Category: Election 2016

Debate Three


The winner of this debate was clearly Chris Wallace who kept the candidates on task and pressed them on several key issues (most notably pressing Hillary on her proposed Syrian no-fly zone that could spark a war with Russia). Trump was OK at first but then got more incoherent as the night went on. Clinton was terrible at addressing questions about Wikileaks, had an awful answer on the Supreme Court and kept trying to awkwardly pivot to her talking points.

Trump probably edges this one out but I don’t think it will make a difference at this point. The good news is that this is the last debate of this endless election season. And so … maybe we’re the real winners.

How I’ll Vote

Reason has their annual who we’ll vote for article out in which their writers and associated libertarians reveal who they plan to vote for in this election. I’ve indicated my intension before, but I’ll put it down in one place, answering the same questions the Reason people did.

Who are you voting for? Gary Johnson. He is by far the best candidate on the issues, by far the most qualified and by far the most likable. I realize people think this is a wasted vote; I do not think so. And Pennsylvania is unlikely to be close, in any case. If some combination of Johnson, McMullin and Stein deny Crump a majority, we can deny them a mandate.

Down ballot, I will be voting for Pat Toomey for Senate and Glenn Thompson for the House. Because I think the most important part of this election is having Republicans retain control of Congress.

(I also think the Republican Party may schism after this into a conservative party and a populist one. But that’s a subject for another post.)

Which major-party candidate do you find most alarming? Trump. Clinton is an unprincipled, corrupt, amoral power-grubber whose policies, such as they are, are awful. She’s taking a provocative stance with Russia, has a long history of supporting idiotic foreign adventures, wants to raise taxes and spending out the wazoo and would appoint bad justices to the Court.

But as I said in last month’s posts, in every way that Clinton is bad, Trump is worse. He’s for bigger government, more spending, more debt. He has demonstrated a vindictiveness and a callous disregard for Constitutional restraint. And if I hadn’t been convinced of his mental unfitness, the complete meltdown of the last few weeks would have done it. The only reason to vote for him is SCOTUS justices but a) I don’t think that’s worth the risk; b) I don’t trust him to not appoint outright fascists to the Court who will rubber stamp what he wants to do.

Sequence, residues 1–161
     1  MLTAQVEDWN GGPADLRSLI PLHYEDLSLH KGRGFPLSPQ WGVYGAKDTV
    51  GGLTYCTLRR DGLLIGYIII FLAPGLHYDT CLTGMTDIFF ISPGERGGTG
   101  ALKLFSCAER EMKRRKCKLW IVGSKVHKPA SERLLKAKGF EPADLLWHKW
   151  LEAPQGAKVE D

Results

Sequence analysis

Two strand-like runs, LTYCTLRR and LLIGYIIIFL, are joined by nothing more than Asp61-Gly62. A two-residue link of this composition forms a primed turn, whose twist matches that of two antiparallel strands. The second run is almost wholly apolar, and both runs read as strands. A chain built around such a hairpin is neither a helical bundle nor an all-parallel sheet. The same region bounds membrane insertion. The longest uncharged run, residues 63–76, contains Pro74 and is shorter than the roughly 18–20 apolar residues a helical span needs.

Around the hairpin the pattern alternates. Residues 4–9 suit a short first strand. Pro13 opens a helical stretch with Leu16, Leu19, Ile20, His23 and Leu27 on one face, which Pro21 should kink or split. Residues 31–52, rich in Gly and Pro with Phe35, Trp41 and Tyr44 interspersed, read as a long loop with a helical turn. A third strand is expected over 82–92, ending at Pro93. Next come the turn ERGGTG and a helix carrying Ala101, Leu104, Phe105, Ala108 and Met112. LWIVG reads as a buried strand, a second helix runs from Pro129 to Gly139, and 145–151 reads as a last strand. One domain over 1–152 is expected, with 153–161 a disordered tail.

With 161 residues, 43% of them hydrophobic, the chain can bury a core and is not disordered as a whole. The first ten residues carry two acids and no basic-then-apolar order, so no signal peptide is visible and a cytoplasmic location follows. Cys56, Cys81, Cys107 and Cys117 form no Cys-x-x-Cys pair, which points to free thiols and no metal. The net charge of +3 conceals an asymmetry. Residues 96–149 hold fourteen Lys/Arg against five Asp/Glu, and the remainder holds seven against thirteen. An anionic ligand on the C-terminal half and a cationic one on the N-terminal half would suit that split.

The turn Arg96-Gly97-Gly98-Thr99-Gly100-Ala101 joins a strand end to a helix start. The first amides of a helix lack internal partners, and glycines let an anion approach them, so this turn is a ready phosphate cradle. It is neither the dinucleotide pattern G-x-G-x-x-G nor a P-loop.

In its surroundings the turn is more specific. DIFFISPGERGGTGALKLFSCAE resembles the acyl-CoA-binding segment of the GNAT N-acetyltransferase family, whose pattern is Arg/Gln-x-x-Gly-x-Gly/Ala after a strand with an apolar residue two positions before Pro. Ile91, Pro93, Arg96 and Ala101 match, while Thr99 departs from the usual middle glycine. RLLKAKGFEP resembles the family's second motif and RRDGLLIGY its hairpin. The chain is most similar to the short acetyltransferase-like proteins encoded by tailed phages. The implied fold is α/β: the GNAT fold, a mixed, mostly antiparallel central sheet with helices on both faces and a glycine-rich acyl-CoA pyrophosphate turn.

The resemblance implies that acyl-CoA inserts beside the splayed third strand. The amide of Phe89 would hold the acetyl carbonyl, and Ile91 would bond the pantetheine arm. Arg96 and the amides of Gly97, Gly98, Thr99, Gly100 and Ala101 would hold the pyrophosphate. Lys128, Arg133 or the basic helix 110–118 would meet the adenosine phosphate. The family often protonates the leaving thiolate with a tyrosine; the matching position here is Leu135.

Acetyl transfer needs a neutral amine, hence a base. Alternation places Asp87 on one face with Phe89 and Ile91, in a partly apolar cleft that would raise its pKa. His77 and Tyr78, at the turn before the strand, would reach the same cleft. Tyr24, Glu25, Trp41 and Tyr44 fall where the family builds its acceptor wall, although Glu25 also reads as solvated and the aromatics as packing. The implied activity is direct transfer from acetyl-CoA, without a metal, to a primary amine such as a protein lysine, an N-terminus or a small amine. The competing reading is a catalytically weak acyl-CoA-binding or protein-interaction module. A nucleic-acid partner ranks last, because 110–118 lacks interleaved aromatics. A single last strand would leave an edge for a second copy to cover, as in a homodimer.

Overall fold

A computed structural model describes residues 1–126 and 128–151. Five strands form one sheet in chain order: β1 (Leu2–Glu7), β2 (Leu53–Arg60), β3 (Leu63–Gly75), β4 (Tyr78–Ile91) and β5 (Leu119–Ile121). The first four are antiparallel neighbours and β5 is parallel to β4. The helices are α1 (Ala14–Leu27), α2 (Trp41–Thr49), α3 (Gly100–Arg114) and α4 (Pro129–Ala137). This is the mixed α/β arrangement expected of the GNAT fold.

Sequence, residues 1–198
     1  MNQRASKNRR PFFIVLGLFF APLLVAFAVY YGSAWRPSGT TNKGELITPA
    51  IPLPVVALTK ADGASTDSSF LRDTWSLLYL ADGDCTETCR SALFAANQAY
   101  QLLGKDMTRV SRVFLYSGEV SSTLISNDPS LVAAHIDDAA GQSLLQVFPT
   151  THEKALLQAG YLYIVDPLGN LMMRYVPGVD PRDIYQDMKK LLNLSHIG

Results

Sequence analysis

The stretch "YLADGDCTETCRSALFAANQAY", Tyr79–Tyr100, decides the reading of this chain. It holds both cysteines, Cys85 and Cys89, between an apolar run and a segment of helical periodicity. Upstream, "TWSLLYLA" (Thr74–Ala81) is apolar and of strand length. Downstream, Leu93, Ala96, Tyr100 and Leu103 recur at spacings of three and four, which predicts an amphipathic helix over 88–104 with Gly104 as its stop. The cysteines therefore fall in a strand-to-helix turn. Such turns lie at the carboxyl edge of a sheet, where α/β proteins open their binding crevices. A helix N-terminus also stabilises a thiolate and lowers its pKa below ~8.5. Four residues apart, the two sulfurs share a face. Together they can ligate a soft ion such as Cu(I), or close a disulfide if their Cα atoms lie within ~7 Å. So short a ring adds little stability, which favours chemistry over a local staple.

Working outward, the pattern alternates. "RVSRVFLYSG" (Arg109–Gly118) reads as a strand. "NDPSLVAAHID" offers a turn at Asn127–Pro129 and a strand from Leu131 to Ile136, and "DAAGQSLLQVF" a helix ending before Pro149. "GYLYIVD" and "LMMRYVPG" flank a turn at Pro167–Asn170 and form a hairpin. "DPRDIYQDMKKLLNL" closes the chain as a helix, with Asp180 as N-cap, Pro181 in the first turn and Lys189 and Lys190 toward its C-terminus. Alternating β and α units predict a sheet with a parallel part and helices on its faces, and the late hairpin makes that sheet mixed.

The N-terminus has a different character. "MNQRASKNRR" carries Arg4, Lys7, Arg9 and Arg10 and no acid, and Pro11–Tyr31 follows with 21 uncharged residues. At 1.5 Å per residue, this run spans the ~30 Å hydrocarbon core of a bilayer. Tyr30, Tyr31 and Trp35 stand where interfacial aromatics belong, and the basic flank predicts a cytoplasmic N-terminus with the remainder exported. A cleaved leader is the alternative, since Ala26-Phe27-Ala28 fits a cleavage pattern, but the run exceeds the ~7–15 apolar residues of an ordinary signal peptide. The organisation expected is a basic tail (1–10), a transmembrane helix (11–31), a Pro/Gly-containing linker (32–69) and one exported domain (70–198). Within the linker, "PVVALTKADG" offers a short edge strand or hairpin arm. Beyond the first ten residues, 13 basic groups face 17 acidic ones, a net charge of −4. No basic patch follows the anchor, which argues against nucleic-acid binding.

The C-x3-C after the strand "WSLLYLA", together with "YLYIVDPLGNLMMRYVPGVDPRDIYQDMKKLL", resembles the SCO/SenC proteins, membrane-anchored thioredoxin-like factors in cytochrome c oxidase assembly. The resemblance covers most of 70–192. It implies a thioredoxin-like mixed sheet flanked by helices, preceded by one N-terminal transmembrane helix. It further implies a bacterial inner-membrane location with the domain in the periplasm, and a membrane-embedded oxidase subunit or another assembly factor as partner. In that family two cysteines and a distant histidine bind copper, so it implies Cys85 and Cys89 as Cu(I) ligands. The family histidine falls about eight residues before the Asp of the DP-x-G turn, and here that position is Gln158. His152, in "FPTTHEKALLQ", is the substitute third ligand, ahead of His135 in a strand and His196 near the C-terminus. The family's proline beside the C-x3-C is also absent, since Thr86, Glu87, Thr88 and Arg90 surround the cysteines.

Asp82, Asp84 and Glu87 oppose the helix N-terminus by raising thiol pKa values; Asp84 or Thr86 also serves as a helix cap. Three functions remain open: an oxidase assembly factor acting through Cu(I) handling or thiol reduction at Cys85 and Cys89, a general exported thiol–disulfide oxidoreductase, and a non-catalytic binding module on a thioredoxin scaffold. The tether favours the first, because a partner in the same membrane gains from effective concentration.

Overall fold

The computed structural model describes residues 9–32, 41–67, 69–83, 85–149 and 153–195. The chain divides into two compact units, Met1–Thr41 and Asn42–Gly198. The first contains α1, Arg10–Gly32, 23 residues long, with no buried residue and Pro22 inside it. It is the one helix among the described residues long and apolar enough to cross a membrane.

The gripping hand is that there will (hopefully) be a Republican Congress to keep Clinton’s worst instincts in check. They have amply demonstrated that they will not keep Trump in check. They have demonstrated an ability to keep a Democrat in check, having killed efforts at card check, a public option, minimum wage hikes, cap and trade and gun control while cutting spending $700 billion below what Obama wanted.

Who did you vote for in 2012? Gary Johnson. Although in that case, it was because I saw little reason to be apocalyptically alarmed by either candidate. How bad is it that I long for the days of Romney v. Obama?

What will you miss most about the Obama years? Having a President I didn’t despise. I disagreed with Obama constantly, but I felt like he was honest about what he thought, could make his case eloquently and never lost his cool. I never bought into the whole “he hates America!” hysteria. His personal life is pretty much beyond reproach (which was something I liked about Bush as well). Think about listening to Obama speak for the last eight years, then imagine hearing Clinton or Trump speak for the next eight minutes and you’ll see what I mean. In five years, a lot of conservatives will be looking back wistfully on the Obama years, longing for the days when the President was just wrong about everything, rather than being wrong about everything and a piece of shit.